When a defendant challenges subject matter jurisdiction, the burden is on the plaintiff to prove that subject matter jurisdiction exists. See Evans v. B.F. Perkins, Co., 166 F.3d 642, 647 (4th Cir. 1999); El-Amin v. Int'l Longshoremen's Ass'n Local No. 333, No. CCB-10-3653, 2011 WL 2580630, at *2 (D. Md. June 28, 2011). "A court should grant a Rule 12(b)(1) motion if the material jurisdictional facts are not in dispute and the moving party is entitled to prevail as a matter of law.'" El-Amin, 2011 WL 2580630, at *2 (quoting Evans, 166 F.3d at 647).

B. Rule 12(b)(1) Standard When Plaintiff Allegedly Failed to Allege Facts Upon Which Subject Matter Jurisdiction Can Be Based

When a defendant moves to dismiss under Fed.R.Civ.P. 12(b)(1) for lack of subject matter jurisdiction, asserting that "a complaint simply fails to allege facts upon which subject matter jurisdiction can be based, " as Defendant does here for failure to exhaust administrative remedies, "the facts alleged in the complaint are assumed to be true and the plaintiff, in effect, is afforded the same procedural protection as he would receive under a 12(b)(6) consideration." Adams v. Bain, 697 F.2d 1213, 1219 (4th Cir. 1982); see Lutfi v. United States, ___ F.App'x ___, 2013 WL 1749526, at *4 (4th Cir. Apr. 24, 2013) (Slip Op.); Fianko v. United States, No. PWG-12-2025, 2013 WL 3873226, at *4 (D. Md. July 24, 2013). Thus, "the facts alleged in the complaint are taken as true, and the motion must be denied if the complaint alleges sufficient facts to invoke subject matter jurisdiction." Kerns v. United States, 585 F.3d 187, 192 (4th Cir. 2009); see In re KBR, Inc., Burn Pit Litig., 925 F.Supp.2d 752, 758 (D. Md. 2013) (quoting Kerns, 585 F.3d at 192). "[W]hen jurisdictional facts are inextricably intertwined with those [facts] central to the merits, the [district] court should resolve the relevant factual disputes only after appropriate discovery.'" Blitz v. Napolitano, 700 F.3d 733, 739 (4th Cir. 2012) (quoting Kerns, 585 F.3d at 193). This Court must act "on the assumption that all the allegations in the complaint are true (even if doubtful in fact)." Bell Atl. Corp. v. Twombly, 550 U.S. 544, 555-56 (2007) (citations omitted).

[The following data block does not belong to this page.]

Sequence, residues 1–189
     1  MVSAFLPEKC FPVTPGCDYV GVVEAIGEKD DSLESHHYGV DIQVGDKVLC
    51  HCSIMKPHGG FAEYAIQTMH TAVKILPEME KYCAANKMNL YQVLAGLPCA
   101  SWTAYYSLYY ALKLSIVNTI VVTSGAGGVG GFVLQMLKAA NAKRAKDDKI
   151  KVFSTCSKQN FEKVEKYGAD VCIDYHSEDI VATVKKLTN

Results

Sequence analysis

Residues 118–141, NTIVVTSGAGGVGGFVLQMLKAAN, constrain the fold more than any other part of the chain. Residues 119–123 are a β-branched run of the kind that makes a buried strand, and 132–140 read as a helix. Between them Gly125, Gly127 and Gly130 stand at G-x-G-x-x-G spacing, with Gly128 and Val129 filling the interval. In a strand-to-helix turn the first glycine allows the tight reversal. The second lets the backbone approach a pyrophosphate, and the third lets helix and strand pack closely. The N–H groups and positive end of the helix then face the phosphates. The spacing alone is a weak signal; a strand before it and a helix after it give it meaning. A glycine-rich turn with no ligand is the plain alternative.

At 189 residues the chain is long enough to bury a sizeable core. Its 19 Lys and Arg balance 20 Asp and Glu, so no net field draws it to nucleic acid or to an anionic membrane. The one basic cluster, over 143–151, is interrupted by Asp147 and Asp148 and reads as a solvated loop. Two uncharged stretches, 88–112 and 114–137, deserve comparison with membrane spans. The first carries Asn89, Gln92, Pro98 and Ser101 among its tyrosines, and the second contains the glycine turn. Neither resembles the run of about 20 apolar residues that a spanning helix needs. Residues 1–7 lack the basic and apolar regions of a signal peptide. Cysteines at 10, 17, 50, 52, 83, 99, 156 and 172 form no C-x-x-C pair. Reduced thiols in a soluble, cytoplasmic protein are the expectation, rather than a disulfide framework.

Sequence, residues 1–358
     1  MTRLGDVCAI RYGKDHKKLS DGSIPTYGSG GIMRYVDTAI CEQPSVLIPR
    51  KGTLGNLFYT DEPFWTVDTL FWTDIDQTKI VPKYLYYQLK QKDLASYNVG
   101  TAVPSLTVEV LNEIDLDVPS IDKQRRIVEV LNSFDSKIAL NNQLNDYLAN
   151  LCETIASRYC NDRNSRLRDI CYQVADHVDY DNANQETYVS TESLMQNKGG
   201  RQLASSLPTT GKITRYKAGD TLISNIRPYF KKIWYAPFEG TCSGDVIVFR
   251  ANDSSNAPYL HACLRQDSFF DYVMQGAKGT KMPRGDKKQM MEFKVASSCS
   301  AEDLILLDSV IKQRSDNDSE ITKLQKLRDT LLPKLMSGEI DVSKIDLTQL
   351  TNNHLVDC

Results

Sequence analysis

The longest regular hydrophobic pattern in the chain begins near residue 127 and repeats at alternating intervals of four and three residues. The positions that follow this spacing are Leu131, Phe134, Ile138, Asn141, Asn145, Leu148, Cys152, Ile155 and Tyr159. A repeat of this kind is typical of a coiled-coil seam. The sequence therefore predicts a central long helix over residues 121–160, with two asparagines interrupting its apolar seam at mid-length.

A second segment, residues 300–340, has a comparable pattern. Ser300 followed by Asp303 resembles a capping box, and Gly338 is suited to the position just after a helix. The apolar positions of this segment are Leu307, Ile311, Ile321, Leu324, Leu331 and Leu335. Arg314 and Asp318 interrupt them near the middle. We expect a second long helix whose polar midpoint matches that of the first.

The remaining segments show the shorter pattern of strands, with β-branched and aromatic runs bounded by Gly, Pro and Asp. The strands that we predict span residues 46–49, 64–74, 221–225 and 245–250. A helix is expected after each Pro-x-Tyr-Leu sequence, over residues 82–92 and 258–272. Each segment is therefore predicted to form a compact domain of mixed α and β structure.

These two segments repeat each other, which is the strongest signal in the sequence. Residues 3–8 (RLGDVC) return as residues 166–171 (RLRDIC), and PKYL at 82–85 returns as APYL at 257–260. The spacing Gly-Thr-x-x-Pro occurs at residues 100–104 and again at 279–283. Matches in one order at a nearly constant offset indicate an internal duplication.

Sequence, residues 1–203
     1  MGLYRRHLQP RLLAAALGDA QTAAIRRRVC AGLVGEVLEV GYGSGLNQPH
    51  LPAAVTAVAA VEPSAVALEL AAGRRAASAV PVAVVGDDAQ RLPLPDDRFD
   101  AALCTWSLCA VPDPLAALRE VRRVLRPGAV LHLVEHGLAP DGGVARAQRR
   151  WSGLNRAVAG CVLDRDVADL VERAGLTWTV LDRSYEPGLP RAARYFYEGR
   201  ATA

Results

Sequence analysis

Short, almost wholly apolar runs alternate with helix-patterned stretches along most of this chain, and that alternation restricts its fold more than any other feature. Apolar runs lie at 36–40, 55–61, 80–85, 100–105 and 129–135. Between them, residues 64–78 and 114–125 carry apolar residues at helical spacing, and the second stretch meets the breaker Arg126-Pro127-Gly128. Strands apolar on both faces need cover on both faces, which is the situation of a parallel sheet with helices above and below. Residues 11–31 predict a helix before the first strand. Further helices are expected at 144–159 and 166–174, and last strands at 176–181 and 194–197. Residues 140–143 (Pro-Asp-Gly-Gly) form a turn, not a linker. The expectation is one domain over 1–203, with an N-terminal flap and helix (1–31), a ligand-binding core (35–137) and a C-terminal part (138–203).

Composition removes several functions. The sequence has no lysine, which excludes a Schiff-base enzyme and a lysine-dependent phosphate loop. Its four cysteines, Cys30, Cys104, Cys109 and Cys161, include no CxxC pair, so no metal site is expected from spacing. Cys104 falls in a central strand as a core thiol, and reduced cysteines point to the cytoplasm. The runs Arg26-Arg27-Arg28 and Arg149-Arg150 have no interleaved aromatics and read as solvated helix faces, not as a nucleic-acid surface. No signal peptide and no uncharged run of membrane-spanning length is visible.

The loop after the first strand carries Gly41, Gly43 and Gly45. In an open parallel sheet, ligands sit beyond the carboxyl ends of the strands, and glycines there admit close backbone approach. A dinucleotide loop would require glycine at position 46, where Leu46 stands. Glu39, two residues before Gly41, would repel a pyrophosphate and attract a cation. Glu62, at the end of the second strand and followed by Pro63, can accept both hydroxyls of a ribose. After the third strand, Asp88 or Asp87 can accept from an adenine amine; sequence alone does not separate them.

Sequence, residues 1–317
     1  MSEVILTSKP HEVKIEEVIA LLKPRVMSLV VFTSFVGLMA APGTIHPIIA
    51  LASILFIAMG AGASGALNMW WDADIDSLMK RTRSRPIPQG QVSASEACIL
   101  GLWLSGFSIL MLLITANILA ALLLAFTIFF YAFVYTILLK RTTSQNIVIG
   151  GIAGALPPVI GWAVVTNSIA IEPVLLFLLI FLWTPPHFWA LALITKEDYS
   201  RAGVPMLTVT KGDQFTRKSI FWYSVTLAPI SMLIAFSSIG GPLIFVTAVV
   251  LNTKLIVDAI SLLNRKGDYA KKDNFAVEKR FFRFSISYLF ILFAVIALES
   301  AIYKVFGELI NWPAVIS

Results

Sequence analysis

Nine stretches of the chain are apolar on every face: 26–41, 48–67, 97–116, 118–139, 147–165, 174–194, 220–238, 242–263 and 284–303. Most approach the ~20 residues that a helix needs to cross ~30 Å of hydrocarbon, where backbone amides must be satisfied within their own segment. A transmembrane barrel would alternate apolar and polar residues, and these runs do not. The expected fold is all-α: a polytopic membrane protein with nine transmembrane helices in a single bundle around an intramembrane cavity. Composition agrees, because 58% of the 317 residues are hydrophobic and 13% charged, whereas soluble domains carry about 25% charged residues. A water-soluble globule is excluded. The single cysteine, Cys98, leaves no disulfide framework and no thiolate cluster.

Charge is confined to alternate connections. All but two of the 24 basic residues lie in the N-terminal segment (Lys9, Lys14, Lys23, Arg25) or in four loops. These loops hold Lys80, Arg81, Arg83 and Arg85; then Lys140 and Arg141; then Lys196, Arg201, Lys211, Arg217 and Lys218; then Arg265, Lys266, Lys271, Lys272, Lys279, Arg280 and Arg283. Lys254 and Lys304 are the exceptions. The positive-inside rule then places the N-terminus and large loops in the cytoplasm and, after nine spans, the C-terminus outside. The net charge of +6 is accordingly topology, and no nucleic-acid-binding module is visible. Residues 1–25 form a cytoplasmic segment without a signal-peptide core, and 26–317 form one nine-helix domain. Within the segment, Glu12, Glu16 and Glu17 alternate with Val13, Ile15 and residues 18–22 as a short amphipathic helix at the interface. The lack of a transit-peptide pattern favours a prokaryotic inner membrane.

C. Rule 12(b)(6) Standard

Federal Rule of Civil Procedure 12(b)(6) provides for "the dismissal of a complaint if it fails to state a claim upon which relief can be granted." Velencia v. Drezhlo, No. RDB-12-237, 2012 WL 6562764, at *4 (D. Md. Dec. 13, 2012). This Rule's purpose "is to test the sufficiency of a complaint and not to resolve contests surrounding the facts, the merits of a claim, or the applicability of defenses.'" Id. (quoting Presley v. City of Charlottesville, 464 F.3d 480, 483 (4th Cir. 2006)). To that end, the Court bears in mind the requirements of Rule 8, Bell Atlantic Corp. v. Twombly, 550 U.S. 544 (2007), and Ashcroft v. Iqbal, 556 U.S. 662 (2009), when considering a motion to dismiss pursuant to Rule 12(b)(6). Specifically, a complaint must contain "a short and plain statement of the claim showing that the pleader is entitled to relief, " Fed.R.Civ.P. 8(a)(2), and must state "a plausible claim for relief, " as "[t]hreadbare recitals of the elements of a cause of action, supported by mere conclusory statements, do not suffice, " Iqbal, 556 U.S. at 678-79. See Velencia, 2012 WL 6562764, at *4 (discussing the standard from Iqbal and Twombly ). "A claim has facial plausibility when the plaintiff pleads factual content that allows the court to draw the reasonable inference that the defendant is liable for ...


Buy This Entire Record For $7.95

Download the entire decision to receive the complete text, official citation,
docket number, dissents and concurrences, and footnotes for this case.

Learn more about what you receive with purchase of this case.